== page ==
R. indicus (Indian Water-Rail).—A Rail, which I think was this species, was seen by me on a small pond near Bunhar Factory, Samastipur, in February, 1899. I fired at it, but it was only wounded, and escaped by diving; and, though I had men searching for a long time, they failed to find it.
Amaurornis phœnicurus, Penn. (White-breasted Water-hen).—Very common. Found by nearly every piece of water. It is an exceedingly noisy bird, and its loud harsh cry is heard both day and night. In the year 1900 I was stopping at a house, the garden of which was inhabited by a pair of these birds, which kept me awake most of the night by their cries. They breed during July and August, making a nest of rushes, placed, as a rule, near water. They are very pugnacious birds, and I have often seen them fighting furiously with each other; a pair were so engaged on one occasion, that I approached to within a few yards of them before they were aware of my presence.
Gallinula chloropus, Linn. (Moorhen).—Common. Breeds in August.
Porphyrio poliocephalus, Lath. (Purple Moorhen).—Fairly common. It breeds during July and August in marshes and rice-fields. The nest is a huge mass of rushes or rice placed on water.
Fulica atra, Linn. (Coot).—Very common during winter, and a few remain to breed.
Grus antigone, Linn. (Sarus Crane).—Occasionally seen during the cold weather.
G. communis, Linn. (Common Crane).—Once seen near Hattowrie Factory, Darbhanga, in December, 1897.
Anthropoides virgo, Linn. (Demoiselle Crane).—A not very common cold weather migrant. Often heard at night as they fly to their feeding-grounds.
Sypheotis bengalensis, Gmel. (Bengal Florican).—I only saw one specimen, which was flushed from some heavy grass jungle.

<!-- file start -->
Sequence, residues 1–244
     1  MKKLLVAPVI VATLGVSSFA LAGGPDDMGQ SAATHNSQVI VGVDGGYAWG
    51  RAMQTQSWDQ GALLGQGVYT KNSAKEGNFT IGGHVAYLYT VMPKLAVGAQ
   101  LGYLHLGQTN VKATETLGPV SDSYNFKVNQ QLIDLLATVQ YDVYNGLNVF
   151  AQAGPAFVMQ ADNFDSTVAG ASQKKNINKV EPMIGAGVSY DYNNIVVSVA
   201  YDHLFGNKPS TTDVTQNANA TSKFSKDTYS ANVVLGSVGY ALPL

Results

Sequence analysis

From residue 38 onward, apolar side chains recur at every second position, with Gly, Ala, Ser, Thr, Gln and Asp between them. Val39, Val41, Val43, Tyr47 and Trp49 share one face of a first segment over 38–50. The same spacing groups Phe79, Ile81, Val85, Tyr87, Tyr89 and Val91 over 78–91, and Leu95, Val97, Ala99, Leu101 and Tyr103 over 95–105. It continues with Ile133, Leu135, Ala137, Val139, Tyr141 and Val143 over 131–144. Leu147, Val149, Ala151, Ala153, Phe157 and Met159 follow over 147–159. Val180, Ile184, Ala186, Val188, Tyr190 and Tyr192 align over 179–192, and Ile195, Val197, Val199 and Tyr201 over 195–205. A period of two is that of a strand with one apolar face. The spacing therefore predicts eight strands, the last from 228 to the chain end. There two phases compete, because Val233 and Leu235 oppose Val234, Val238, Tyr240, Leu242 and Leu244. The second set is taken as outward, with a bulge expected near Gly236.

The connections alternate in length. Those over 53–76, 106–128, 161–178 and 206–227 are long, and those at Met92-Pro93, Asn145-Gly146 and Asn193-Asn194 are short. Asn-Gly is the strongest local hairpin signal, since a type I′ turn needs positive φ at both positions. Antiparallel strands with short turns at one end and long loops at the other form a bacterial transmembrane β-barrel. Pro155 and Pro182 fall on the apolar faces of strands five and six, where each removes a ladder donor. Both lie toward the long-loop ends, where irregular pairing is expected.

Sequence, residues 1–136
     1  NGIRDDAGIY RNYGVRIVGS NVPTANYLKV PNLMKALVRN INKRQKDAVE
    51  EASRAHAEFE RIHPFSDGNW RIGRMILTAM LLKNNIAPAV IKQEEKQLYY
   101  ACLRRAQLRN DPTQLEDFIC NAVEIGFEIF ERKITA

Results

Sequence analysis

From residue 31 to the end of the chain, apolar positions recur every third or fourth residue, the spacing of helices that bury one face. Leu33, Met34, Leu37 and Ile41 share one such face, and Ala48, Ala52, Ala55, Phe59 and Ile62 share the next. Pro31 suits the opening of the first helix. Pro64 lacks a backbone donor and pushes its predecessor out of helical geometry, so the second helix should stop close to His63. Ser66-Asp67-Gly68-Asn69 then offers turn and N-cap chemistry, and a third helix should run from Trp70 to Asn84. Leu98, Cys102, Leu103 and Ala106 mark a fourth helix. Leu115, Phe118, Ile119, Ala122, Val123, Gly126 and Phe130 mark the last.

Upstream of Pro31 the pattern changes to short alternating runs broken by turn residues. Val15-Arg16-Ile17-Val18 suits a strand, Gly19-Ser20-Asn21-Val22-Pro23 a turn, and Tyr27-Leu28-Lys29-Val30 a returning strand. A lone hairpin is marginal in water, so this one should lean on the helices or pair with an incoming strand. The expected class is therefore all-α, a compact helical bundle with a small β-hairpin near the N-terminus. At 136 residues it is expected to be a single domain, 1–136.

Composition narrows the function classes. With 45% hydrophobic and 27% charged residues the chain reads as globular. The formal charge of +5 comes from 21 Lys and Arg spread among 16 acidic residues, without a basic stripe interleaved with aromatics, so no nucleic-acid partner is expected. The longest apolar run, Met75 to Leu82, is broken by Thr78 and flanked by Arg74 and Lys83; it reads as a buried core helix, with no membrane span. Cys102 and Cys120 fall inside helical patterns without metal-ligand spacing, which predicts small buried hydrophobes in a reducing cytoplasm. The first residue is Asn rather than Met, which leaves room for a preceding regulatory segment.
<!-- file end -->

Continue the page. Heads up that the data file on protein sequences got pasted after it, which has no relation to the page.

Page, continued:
Œdicnemus scolopax, Gmel. (Stone-Curlew).—Very common. Breeds, according to Mr. Inglis, in April.
Esacus recurvirostris, Cuv. (Great Stone-Curlew).—One seen by Mr. Inglis on the banks of the Kamla, and one shot by me at Hattowrie Factory, Darbhanga.
Cursorius coromandelicus, Gmel. (Indian Courser).—Very common in some parts during winter. They run very swiftly, and their flight resembles that of the Lapwing. They are excellent birds for the table.
Glareola lactea, Temm. (Small Indian Pratincole).—I have a pair of these birds given me by Mr. Inglis. I have never come across any myself.
Metopidius indicus, Lath. (Bronze-winged Jacana).—Not uncommon. They breed in weedy tanks in July and August.
Hydrophasianus chirurgus, Scop. (Pheasant-tailed Jacana).—Very common on all marshes. It breeds in July and August, and sometimes in September. They lay from three to four eggs. The cry of this bird resembles the "mewing" of a cat.
Sarcogrammus indicus, Bodd. (Red-wattled Lapwing).—Very common. Breeds from March to May. They are noisy birds, and are well known on account of their cry, which resembles the words "did he do it."
Sarciophorus malabaricus, Bodd. (Yellow-wattled Lapwing).—A rather scarce bird. I have not often seen it.
Hoplopterus ventralis, Wagl. (Indian Spur-winged Plover).—Very common on the banks of rivers. A nest found by Mr. Inglis's collectors in May contained two eggs.
Charadrius fulvus, Gmel. (Eastern Golden Plover).—Very common in some parts in winter. They are extremely wild birds, and difficult to approach.
Ægialitis mongolica, Pall. (Lesser Sand-Plover).—Common on ploughed lands, and on the banks of rivers.
Æ. alexandrina, Linn. (Kentish Plover).—A common cold weather migrant. A specimen shot by one of Mr. Inglis's collectors in April was in full breeding plumage.